Cullen Jenkins always has a light tremble in his voice following a loss, making it so the pain is audible. Reporters gravitate to him because he gives emotional, unfiltered responses and can strike into the core of the issue.
On this night, he spoke of his own personal failings.
“I was brought in here, especially coming from a championship team, to try and help instill [a certain mindset]. Not maybe, I’m not doing a good enough job of it,” said Jenkins.
Cultivating a winning culture has not been a problem for the majority of Andy Reid’s tenure. When you stepped into the Eagles locker room you stepped into a winning locker room. Newcomers adapted and learned and passed it down, and on it went.
Suddenly, the Eagles are faced with a crisis. There has not been a playoff win since 2008. There are no remaining members of the 2004 Super Bowl team. Their record is 11-15 over their last two seasons. The young players don’t know what it is to win regularly on this level, and the veterans that do haven’t been able to pass it down. The winning culture has eroded.
To say the rest of the season is totally devoid of meaning is wrong. There can be some long-term harm done if the team continues to implode.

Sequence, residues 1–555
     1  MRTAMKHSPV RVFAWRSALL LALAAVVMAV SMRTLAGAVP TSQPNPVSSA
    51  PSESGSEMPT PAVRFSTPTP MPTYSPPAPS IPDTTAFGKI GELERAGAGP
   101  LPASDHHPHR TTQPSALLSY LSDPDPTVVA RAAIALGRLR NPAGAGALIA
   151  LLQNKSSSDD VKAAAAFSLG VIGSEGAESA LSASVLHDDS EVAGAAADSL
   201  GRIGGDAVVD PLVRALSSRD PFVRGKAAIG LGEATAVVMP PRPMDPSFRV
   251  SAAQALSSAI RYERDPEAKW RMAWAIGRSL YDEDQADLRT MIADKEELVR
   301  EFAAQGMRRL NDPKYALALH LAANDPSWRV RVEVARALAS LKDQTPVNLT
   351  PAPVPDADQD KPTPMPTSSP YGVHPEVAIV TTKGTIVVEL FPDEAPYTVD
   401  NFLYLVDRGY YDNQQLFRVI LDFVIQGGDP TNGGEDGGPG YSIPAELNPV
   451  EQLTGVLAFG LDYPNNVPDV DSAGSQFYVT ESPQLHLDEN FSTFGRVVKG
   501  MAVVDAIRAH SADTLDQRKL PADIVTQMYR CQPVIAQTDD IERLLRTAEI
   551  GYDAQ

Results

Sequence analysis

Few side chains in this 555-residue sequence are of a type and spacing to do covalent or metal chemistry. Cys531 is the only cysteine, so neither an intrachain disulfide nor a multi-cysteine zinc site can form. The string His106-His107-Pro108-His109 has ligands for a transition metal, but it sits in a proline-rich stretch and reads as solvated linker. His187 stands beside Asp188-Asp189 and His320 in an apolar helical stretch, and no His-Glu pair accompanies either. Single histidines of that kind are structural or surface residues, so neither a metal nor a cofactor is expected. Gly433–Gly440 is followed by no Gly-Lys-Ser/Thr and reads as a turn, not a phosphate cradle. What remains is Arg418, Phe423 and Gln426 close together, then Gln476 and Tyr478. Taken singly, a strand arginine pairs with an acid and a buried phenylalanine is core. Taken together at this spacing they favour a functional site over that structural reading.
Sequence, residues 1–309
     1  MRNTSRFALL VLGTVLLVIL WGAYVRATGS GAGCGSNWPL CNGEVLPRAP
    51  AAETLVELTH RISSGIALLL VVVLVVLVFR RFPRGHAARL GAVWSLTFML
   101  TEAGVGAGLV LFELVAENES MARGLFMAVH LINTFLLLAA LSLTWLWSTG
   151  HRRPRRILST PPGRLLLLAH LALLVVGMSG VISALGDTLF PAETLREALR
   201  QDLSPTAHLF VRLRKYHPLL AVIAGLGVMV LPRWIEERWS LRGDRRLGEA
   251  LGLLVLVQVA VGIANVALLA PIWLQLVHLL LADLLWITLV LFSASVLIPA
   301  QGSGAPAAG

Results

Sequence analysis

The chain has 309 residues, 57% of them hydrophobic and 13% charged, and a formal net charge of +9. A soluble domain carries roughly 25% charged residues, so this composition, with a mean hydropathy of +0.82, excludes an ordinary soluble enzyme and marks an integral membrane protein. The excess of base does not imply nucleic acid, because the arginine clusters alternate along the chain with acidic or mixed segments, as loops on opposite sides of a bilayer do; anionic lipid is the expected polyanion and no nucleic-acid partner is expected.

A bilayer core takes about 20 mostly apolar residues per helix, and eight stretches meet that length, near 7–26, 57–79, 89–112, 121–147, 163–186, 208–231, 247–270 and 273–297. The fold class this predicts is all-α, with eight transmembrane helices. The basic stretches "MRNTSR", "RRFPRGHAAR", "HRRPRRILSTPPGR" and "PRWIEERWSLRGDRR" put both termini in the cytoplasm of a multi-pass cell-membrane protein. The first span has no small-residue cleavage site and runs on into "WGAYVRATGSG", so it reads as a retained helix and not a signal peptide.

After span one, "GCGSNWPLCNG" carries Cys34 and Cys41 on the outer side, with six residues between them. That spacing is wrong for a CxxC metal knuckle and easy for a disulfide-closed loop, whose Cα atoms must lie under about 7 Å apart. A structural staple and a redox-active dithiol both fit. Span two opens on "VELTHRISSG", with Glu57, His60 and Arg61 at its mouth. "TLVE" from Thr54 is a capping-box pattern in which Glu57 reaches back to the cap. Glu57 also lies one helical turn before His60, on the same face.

“If we give up then there is no hope, and we can’t do that. You can’t allow it as a veteran,” said Jenkins. “There are a lot of young guys on this team, they’re going to grow into what they see happen. They are going to grow into the type of players they see around them, the veterans, because that’s what they’re going to know. And it’s up to us to set a good example for them so they know what to expect, how to act and how to react during tough times.”
This roster will look decidedly different in 2013, to be sure. But many of the neophytes will be here for the era that’s to come. Guys like Fletcher Cox and Mychal Kendricks and Brandon Boykin and Nick Foles. The hope is that there are at least a couple building blocks in there that can positively shape the future.
They are impressionable, and what they see over the next six weeks will influence them as players. It is incumbent upon the veterans, then, to handle themselves the right way and send the proper messages.
“I just want to go out there and win,” said DeSean Jackson. “For the city and for myself, the team, our pride. We live and die off this game. This is what we love to do. Anything we can do to get a win, that’s really all I care about. I’m going to continue to go out there and do what I need to do help that.”
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